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  • Writer's pictureJinx Chin

Mic Shootout!

So for the Sydney studio, I decided to get a new mic (great excuse to get new gear!). However, there were a few important criteria that it needed to satisfy.

* Compact in size - My Sydney home studio is incredibly small, and so I needed a condenser mic that didn't take up much space when set up.

* Easily portable - In case I get a job which requires vocal work when I'm on the road

* Sound good - no need explanation here! Actually, it just needs to sound good with my voice ;)

* Easy to set up and break down - No extra power sources with extra audio cables.

So when I was in back in KL, I contacted the lovely folks at SMX Malaysia to talk about microphones. I had heard about this new microphone company called Lewitt and as luck would have it, SMX are the Malaysian Lewitt mic distributors. Even though I had read reviews on the products that Lewitt makes, I still needed to test it out personally. A microphone can be good, but the ultimate test is how it sounds on my own voice. The lovely folks at SMX were kind enough to loan me the Lewitt 440 Pure so that I could test it out and at least compare it with my KL studio mic, the SE Electronic 2200T.

The Lewitt LCT440 Pure is amazingly compact even with the shockmount and pop filter attached. It's really dwarfed by the 2200T.

Upon further inspection of the shockmount, I found that the pop filter is integrated to the shockmount array and is made of metal, so it will be easy to clean with a wet cloth. The pop filter for the other mic is the standard nylon mesh stretched across a circular frame, which has never been cleaned, and probably contains 10 years worth of accumulated bacteria!

An even more innovative feature of the LCT 440 Pure's metal pop filter, is the way it can be attached to the shockmount; magnetically.

I know this really has nothing to do with the actual technical ability of the microphone, but it sure looks cool! Plus, it makes the whole set up very compact, which is also a feature that appeals to me.

Also bundled in the box is a traditional pop filter mic guard which, although looks cute, I won't really be using at all. Also included is a leatherette back to keep the mic in when not in use. Although it is nice to have a hard case, in order to keep the cost down, and to ensure the price of the mic went to the build quality of the enclosure and the actual internal circuitry of the mic, I'm totally fine with that.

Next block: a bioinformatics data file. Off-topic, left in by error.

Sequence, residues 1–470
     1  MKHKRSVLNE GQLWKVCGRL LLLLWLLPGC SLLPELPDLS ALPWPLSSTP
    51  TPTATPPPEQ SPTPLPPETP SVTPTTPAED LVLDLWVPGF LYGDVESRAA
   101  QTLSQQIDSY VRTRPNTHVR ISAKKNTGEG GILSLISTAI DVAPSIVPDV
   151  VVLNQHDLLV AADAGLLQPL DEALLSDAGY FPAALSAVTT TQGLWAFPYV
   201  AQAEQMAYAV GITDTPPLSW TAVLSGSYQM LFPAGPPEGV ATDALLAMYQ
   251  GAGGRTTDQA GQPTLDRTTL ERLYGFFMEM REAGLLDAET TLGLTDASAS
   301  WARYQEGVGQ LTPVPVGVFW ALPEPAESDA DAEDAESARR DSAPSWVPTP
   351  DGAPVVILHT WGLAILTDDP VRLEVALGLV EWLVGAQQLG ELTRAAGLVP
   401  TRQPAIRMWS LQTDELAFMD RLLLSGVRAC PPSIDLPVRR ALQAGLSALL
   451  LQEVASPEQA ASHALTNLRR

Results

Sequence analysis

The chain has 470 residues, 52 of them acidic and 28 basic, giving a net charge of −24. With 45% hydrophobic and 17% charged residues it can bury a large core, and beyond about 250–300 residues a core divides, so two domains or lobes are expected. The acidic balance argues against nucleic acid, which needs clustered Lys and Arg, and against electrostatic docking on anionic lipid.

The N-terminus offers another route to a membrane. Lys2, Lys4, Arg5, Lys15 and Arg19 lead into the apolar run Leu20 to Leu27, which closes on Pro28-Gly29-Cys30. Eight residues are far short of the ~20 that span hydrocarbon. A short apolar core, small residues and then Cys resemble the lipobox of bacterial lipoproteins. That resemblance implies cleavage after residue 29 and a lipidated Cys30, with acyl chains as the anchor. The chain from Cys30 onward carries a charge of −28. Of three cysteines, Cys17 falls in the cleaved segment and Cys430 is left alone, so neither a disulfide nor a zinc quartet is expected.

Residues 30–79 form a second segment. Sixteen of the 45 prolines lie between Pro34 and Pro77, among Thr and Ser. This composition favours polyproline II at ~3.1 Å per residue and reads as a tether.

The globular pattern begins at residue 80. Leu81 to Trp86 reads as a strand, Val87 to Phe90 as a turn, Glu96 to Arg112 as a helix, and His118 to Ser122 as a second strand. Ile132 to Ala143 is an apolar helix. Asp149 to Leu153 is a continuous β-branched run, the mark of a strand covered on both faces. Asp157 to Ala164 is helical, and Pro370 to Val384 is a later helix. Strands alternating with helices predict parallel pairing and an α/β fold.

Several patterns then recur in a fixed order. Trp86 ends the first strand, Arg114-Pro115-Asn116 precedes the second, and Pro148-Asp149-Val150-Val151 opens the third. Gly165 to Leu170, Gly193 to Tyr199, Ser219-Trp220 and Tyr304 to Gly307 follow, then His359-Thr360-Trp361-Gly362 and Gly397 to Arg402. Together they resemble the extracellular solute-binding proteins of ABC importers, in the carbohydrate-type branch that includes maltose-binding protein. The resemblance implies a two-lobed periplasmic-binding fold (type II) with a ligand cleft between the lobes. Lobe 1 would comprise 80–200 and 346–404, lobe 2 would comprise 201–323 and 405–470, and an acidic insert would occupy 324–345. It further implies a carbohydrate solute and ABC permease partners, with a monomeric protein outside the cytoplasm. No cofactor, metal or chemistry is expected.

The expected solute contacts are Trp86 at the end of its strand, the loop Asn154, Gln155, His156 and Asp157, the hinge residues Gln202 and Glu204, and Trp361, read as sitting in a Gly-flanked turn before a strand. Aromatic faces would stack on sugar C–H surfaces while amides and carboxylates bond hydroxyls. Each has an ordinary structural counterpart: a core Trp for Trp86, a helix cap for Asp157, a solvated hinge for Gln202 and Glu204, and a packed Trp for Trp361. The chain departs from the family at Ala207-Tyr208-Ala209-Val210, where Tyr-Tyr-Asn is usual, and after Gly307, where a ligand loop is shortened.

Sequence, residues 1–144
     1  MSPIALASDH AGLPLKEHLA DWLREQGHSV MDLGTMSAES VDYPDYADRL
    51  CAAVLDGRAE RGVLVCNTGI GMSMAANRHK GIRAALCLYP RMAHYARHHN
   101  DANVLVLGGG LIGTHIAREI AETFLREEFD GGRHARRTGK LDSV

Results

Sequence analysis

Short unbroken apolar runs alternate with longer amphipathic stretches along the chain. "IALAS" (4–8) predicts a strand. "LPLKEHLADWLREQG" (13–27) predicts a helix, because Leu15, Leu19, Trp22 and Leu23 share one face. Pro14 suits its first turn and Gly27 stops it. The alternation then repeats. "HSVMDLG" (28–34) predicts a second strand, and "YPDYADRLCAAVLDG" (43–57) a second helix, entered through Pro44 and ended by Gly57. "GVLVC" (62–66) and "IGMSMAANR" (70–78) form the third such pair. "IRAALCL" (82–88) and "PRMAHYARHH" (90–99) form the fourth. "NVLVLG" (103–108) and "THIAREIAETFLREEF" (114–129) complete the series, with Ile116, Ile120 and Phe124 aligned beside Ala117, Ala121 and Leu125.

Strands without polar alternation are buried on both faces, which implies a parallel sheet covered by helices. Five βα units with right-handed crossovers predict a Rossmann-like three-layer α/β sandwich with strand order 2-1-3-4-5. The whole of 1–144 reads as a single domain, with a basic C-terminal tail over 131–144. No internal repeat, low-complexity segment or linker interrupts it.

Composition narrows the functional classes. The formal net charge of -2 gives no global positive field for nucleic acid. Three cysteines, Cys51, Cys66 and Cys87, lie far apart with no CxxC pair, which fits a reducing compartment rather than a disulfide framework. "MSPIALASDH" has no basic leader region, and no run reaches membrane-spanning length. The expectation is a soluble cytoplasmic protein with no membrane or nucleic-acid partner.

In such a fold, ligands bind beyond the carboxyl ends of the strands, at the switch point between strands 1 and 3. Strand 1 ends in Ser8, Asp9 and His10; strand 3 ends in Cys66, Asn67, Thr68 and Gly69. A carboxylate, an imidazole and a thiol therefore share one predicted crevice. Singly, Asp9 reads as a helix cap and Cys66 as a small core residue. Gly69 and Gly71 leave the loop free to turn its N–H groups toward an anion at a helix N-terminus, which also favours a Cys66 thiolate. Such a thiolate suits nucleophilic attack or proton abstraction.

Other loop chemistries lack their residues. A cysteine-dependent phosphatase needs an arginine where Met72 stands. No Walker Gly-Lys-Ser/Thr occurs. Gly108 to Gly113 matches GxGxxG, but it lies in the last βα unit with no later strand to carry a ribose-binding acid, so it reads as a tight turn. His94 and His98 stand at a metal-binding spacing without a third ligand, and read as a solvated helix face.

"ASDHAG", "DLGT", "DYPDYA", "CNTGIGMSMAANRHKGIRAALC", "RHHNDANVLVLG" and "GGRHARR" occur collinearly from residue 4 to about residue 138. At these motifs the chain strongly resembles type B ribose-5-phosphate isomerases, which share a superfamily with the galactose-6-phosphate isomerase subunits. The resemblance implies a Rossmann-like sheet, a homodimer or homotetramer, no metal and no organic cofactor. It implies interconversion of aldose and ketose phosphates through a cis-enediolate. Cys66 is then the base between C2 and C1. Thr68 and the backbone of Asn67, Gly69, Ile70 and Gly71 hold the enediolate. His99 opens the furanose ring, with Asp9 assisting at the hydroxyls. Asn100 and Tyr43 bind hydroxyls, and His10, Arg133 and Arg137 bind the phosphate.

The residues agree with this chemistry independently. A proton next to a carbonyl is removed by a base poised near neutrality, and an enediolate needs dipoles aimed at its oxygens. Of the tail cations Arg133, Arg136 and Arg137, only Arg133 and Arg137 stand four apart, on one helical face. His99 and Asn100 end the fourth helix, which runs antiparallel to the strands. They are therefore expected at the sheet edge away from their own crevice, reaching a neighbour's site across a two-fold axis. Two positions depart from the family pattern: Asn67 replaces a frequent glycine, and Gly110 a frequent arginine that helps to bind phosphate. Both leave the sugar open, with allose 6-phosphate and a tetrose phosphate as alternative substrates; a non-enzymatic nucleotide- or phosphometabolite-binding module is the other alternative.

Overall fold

In comparison, the physical dimensions of the 2200T dwarf the Lewitt in every way.

As shown in the short video below, Lewitt also included this wristband in the box which is kinda cute I guess.

The frequency response of these two mics are rather similar, with the 2200T's response curve being relatively flat till about 6 kHz where it rises gradually, peaking at 12 kHz. The Lewitt's curve starts to rise at about 5kHz and peaks at 13.2 kHz. It should be noted that since the 2200T is a tube mic, there are characteristics of tube warmth and body that's added to my voice but it does so subtly so the crispness of the vocal is still very evident. The only thing that is inherent in tube mics about is the fact that you have an additional power unit that has to power the tube inside the mic (See photo above). There is also an extra stage in the cable connection into the audio interface. In my mic's case, this connection is a 7-pin connector which looks rather delicate and probably could be easily bent if handled roughly. The 440 Pure being a straight ahead condenser, doesn't need to have it's own power source since it takes the power from the phantom power of the my interface, making it much less cumbersome to set up.

I was very pleasantly surprised that my voice was so well complemented by the Lewitt, and its performance was on par with the 2200T, while being compact in size and costing about half the price. It doesn't have some additional features that the 2200T has, such as a -10dB pad and high pass filter switches built in, but those aren't deal breakers for me by any means. What was interesting to me was the fact that in essence, the innards of the Lewitt 440 Pure is the same as those higher in the Lewitt mic range, just minus bells and whistles, such as high pass filter and other cool things like switches to change the polar pattern of the microphone. Again, features that I can live without.

So my studio in Sydney can look forward to the new Lewitt 440 Pure condenser mic, a mic that really ticks all the boxes in my list of criteria, and really punches way above its price point! Thanks to SMX Malaysia for letting me test it out before buying it. For great prices on awesome audio gear, with after sales service that's second to none, SMX is the place.

To read more about my sE ELectronic 2200T, and how I came to acquire it, please click here.

To read about my first ever professional mic, please click here.


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